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2020 NHL Draft prospect profile: Seth Jarvis’s strong second half rocketed him up draft boards

When the calendar turned to 2020, Jarvis upped his game to another level.

Portland Winterhawks at Kelowna Rockets Photo by Marissa Baecker/Getty Images

Through his first 32 games of the season, Seth Jarvis was well on his way to a career season. He had 15 goals and 20 assists, just four points shy of his career high. When the calendar turned to 2020, however, Jarvis was one of the few things to not disappoint. In the final 26 games of the season, he had 27 goals and 36 assists for 63 points.

Birthplace: Winnipeg, Manitoba
Date of birth: February 1, 2002
Shoots: Right
Position: Right Wing
Height: 5’10”
Weight: 172 lbs.
Team: Portland Winterhawks (WHL)

His 63 points in the second part of the season would have been enough to place him in the top 32 of WHL scoring. His entire season was good enough to finish second in the league in scoring, raising his draft stock in the process.

Elite Prospects

Of his 98 points, 27 were scored on the power play and he add three points shorthanded leaving him with 68 even strength points, proving that he could drive offence in his second full WHL season.


If it seems like there are a lot of players in the first round of the 2020 NHL Draft that seem to have high levels of hockey sense, it’s because there are. Jarvis is yet another player who not only has the skills to attack a defence, but the ability to know the right way to do it.

Players who have the ability to choose their attack as opposed to just being better than everyone else at a lower level tend to translate their offence to the next level with more success.

Another strength in Jarvis’s game is the ability to skate. He’s not the fastest skater, but he does everything well. He’s able to change direction, and he’s strong on his skates. There is room for improvement, but it’s something that allows him to drive offence.

What separates Jarvis from perhaps some other players in his range is that he has the ability to turn on a switch and take over a game. This is different from someone who turns their switch on and off. This is turning it on and then pressing the turbo button. His compete level is something that is evident and what forecasts him to be a play driver from the wing.

Jarvis is not the biggest player, but he has a unique ability to make plays that you may see a power forward make. His balance is incredible, and can often be seen driving to the net with defenders hanging off of him. He also initiates contact in a way that allows him to play bigger than his frame would suggest.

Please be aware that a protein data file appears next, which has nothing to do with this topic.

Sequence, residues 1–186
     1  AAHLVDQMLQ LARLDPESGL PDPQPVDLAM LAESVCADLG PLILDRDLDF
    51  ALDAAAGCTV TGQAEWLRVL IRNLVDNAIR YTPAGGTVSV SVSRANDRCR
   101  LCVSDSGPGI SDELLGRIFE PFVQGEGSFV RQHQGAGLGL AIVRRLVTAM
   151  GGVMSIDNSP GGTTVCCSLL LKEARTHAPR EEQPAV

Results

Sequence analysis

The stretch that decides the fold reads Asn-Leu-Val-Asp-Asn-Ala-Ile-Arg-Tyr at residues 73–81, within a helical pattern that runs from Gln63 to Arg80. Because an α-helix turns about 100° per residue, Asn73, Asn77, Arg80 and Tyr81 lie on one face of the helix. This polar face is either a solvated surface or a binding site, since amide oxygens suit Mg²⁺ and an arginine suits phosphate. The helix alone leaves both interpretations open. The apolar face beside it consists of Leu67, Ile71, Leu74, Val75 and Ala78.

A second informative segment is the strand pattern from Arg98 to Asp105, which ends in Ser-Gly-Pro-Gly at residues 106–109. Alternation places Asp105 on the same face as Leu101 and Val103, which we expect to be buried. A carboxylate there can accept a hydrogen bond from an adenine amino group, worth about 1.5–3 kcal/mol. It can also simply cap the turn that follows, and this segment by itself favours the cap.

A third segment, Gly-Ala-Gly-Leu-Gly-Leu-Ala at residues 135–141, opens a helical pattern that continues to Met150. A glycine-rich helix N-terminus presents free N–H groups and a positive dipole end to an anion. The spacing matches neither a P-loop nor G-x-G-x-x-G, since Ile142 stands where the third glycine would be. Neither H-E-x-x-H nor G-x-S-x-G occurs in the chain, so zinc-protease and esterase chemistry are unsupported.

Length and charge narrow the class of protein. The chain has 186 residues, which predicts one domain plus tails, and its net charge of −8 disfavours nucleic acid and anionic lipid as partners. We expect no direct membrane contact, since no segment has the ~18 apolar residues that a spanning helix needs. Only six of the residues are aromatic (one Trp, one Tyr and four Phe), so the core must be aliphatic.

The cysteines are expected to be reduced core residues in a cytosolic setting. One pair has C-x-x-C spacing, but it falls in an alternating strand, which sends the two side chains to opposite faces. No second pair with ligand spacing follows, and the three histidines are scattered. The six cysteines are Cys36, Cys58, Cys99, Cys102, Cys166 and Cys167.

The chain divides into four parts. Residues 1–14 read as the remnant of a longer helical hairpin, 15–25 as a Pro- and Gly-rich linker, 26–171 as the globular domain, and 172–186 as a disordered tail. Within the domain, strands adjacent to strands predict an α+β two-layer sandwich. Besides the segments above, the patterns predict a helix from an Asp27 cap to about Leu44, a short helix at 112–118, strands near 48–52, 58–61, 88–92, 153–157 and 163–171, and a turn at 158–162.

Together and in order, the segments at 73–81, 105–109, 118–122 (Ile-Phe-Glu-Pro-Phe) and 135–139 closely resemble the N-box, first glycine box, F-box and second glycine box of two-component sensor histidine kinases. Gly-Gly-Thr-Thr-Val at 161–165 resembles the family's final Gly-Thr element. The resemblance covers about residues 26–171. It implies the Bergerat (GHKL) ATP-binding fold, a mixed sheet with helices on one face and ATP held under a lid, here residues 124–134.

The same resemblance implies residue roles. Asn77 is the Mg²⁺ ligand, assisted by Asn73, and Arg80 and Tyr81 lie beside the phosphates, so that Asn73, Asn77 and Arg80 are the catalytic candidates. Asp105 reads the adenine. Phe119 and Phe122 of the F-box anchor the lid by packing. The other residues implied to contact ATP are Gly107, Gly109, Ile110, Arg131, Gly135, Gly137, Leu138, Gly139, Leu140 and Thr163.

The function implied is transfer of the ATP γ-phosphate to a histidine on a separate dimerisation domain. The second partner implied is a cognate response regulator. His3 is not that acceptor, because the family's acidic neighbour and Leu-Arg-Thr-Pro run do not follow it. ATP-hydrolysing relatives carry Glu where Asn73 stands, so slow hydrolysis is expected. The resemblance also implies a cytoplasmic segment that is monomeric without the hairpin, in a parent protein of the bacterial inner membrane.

Despite his insane run of goal scoring in the second half, he doesn’t project to be an elite finisher. His shot is fine, and it is versatile but most of his goals come from close to the net. Unlike most wingers his size, he’s not going to fire shots from the circle and beat goaltenders with ease, but he has the ability to head to the front of the net.

While he has a high level of skill, he doesn’t have that one ability that you can point to to take him to the next level. That’s not really a weakness, but that’s because there’s not much that Jarvis doesn’t do well. He combines a lot of good to great skills in a package that makes everything better together.


Elite Prospects: #12
Future Considerations: #11
Hockey Prospect: #7
McKeen’s Hockey: #12
McKenzie/TSN: #18
NHL Central Scouting: #11 (North American skaters)

Jarvis represents the start of the second tier of the draft. He’s consistently just outside of the top-10 in rankings and is somewhat in a no man’s land when it comes to his position in the draft.

He projects to be a top-six right winger at the next level, and there aren’t any reasons to discount that belief. His skill level with the puck on his stick is just below the top group of forwards who are ahead of him, and the combination of his skills put him at the top of the second tier of the draft among players like Dawson Mercer, Mavrik Bourque, Dylan Holloway, among others.

There isn’t much to pick between that group. If Jarvis’s second half is indicative of the player he can be on a regular basis, he may end up being one of the steals in the draft, but looking at Mitch Brown’s tracking data, he’s not a volume shooter and the fact that he goes to the net and doesn’t have an elite shot means there are questions to how good his goal scoring will be.

The strength of his game is his playmaking more than his shooting despite the fact that he had 42 goals in his draft year.

Mitch Brown’s Tracking Project

He also doesn’t carry the puck in as much as top wingers do at the junior level which makes him a little bit different than the rest of his peers. Scouts believe that he absolutely has the ability to be a line driver from the wing. His play in the defensive zone and on the penalty kill shows that his game is not just about offence either.

Jarvis won’t have to wait long to hear his name called in the first round of the draft, which is a far cry from where he was prior to the season starting. The pandemic affected the ability for some players to rise up draft boards late, meaning that Jarvis’s second half will have made a lasting impression on many.